Image Processing Part 2

In Image Processing Part 1 I talked about methods for manipulation image data. If you tried out the code then you might have noticed it ran really slow.

Usually, when working with image data it is easier to conceptualize pixel locations in x,y coordinates. I used a System.Drawing.Bitmap to hold the image data, which provides the GetPixel and SetPixel methods to access pixels using x,y coordinates. Unfortunately, this method is extremely slow. When we call this method repeatedly it causes the application to become noticeably sluggish.

Luckily, there is another way to manipulate pixel data. If we can convert our x,y coordinates into an array notation, then we can call LockBits and access the raw data without any noticeable slowdown.

The array that is set by LockBits includes the color components of each pixel as defined by the ImageFormat. To find the location of a pixel in the array, you have to multiply the x coordinate by the width of the image an the width of the pixel data. The Bitmap object has a property called Stride which represents the width of the image multiplied by the number of bytes per pixel. You can calculate the array index of a pixel as (x * bitmap.Stride) + y.

When we were using GetPixel and SetPixel, we had to convert the array position of the text into an x,y coordinate for the image. No, instead of converting it back, we can just go straight to the array.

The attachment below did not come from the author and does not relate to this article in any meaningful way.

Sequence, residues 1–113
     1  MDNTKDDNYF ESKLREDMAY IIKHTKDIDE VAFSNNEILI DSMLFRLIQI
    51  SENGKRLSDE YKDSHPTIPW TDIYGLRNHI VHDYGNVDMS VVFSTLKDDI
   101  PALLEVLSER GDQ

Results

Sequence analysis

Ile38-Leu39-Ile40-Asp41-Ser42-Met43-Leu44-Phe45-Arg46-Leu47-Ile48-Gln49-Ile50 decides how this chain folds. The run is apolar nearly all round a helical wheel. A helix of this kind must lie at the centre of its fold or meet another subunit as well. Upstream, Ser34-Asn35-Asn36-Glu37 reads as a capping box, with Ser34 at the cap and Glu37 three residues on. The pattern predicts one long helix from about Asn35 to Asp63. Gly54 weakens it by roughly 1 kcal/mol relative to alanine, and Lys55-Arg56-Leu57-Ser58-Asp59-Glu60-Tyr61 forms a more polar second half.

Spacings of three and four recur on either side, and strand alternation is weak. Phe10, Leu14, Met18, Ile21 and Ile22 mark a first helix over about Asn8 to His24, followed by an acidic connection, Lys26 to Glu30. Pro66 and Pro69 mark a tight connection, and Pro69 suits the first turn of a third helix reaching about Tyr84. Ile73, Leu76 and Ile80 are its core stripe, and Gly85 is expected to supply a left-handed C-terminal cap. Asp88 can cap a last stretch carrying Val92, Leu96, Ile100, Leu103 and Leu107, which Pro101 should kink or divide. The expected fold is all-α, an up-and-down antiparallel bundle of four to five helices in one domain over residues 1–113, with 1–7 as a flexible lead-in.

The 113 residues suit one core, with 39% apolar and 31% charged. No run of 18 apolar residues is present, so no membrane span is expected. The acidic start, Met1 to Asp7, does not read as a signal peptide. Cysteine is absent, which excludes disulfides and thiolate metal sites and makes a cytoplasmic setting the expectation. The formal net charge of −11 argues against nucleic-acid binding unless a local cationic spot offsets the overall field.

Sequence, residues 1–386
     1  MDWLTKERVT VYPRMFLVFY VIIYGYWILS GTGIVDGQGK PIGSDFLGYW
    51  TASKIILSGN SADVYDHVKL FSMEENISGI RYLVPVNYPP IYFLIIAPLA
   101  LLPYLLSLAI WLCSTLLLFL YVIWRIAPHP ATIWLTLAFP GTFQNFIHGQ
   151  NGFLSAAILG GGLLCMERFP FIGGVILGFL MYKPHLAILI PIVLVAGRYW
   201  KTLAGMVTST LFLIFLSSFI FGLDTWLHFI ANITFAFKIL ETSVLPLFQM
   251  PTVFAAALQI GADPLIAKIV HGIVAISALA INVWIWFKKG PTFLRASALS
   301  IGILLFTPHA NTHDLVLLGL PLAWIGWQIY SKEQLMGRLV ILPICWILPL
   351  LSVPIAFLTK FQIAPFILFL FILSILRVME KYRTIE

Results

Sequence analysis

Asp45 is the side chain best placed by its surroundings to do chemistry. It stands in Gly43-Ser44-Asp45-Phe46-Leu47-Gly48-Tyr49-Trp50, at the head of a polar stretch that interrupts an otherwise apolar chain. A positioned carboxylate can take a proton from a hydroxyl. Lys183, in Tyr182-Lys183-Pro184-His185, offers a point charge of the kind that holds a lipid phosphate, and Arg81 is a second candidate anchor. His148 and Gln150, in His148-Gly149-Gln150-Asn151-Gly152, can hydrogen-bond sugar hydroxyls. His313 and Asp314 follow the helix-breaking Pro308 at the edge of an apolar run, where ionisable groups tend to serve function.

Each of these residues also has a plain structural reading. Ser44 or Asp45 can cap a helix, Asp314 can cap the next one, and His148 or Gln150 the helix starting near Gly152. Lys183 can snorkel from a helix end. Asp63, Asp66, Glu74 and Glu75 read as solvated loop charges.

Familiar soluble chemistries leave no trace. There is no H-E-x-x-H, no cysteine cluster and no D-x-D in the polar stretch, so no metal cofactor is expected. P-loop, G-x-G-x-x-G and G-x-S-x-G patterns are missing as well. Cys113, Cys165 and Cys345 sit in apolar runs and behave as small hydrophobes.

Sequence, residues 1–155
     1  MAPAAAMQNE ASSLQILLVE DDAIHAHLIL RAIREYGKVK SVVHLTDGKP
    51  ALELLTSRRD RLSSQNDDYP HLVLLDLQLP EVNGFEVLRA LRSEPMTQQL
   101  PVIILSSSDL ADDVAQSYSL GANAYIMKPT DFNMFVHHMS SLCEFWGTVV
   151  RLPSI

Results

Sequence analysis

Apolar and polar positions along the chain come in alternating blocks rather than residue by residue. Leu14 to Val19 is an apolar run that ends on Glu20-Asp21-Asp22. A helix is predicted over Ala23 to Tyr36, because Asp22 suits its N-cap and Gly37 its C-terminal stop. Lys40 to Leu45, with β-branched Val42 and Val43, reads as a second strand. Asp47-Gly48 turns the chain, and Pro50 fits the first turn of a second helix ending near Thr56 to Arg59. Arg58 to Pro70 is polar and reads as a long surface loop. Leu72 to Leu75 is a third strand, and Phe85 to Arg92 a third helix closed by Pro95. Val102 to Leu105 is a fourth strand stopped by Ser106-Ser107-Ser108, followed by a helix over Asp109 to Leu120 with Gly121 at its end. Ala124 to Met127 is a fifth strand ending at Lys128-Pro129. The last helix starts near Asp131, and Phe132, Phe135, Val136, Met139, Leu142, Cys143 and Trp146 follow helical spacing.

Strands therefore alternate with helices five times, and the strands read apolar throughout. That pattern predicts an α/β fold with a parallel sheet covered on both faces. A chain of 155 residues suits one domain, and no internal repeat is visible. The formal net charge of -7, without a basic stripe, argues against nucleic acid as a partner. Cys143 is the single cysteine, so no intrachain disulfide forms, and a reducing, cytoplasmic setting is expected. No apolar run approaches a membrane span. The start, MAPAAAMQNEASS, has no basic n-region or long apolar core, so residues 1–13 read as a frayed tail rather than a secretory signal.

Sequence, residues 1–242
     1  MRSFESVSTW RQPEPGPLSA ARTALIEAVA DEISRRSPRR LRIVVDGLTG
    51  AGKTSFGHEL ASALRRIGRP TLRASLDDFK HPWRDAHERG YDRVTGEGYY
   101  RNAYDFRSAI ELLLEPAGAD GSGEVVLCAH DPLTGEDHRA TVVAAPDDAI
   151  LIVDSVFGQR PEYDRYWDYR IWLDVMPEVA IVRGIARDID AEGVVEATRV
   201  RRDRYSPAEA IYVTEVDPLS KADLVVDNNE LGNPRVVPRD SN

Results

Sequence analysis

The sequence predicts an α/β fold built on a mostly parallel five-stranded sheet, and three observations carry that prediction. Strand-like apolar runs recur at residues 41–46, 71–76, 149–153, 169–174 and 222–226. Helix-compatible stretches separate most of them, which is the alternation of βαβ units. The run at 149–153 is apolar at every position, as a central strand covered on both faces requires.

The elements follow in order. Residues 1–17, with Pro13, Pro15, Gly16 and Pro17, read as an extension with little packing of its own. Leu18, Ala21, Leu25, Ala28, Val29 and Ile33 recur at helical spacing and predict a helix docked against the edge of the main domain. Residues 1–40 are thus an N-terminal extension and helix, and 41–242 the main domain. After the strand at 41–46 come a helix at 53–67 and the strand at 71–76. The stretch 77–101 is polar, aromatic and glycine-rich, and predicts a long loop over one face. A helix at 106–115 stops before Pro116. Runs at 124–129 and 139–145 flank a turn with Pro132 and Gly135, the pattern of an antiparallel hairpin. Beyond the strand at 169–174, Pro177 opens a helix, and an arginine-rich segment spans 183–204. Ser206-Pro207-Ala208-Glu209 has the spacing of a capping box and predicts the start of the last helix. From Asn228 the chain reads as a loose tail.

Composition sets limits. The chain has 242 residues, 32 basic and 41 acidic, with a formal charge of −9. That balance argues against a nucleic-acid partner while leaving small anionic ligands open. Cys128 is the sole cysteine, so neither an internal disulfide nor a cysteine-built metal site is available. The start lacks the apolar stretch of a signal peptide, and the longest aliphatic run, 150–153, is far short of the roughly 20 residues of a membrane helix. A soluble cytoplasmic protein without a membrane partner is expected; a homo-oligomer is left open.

var bitmapData = image.LockBits( 
                new Rectangle(0, 0, image.Width, image.Height), 
                ImageLockMode.ReadWrite,
                image.PixelFormat);

            int length  = Math.Abs(bitmapData.Stride) * image.Height;
            var rgbValues = new byte[length];

            System.Runtime.InteropServices.Marshal.Copy(bitmapData.Scan0, rgbValues, 0, length);

            for (var c = 0; c < byteList.Count; c++)
            {
                if(!FastComputePixel(rgbValues, byteList, c, pixelsPerChar, Math.Abs(bitmapData.Stride) / bitmapData.Width))
                    break;
            }

            System.Runtime.InteropServices.Marshal.Copy(rgbValues, 0, bitmapData.Scan0, length);
            image.UnlockBits(bitmapData);

The two calls to Marshal.Copy copies the image data to an array that we can manipulate and then copies it back into the image.

And FastComputePixel doesn’t have to make any calls to the Bitmap object.

private static bool FastComputePixel(byte[] rgbValues, byte b, int c, int pixelsPerChar, int bytesPerPixel)
        {
            var partial = b/pixelsPerChar;
            var last = b - (partial*(pixelsPerChar-1));
            var partialBytes = Enumerable.Repeat(partial, pixelsPerChar - 1).ToList();
            partialBytes.Add(last);
            for (var i = 0; i < pixelsPerChar; i++)
            {
                var pixel = ((c*pixelsPerChar) + i)*bytesPerPixel;
                if (pixel >= rgbValues.Length)
                    return false;

                var red = rgbValues[pixel];
                var blue = rgbValues[pixel + 2];

                var green = (red + blue)/2;
                if (green >= 128)
                    green -= partialBytes[i];
                else
                    green += partialBytes[i];

                rgbValues[pixel + 1] = (byte)green;
            }
            return true;
        }

We just call LockBits, manipulate the image data array, and UnlockBits.

You should notice the application is much more responsive!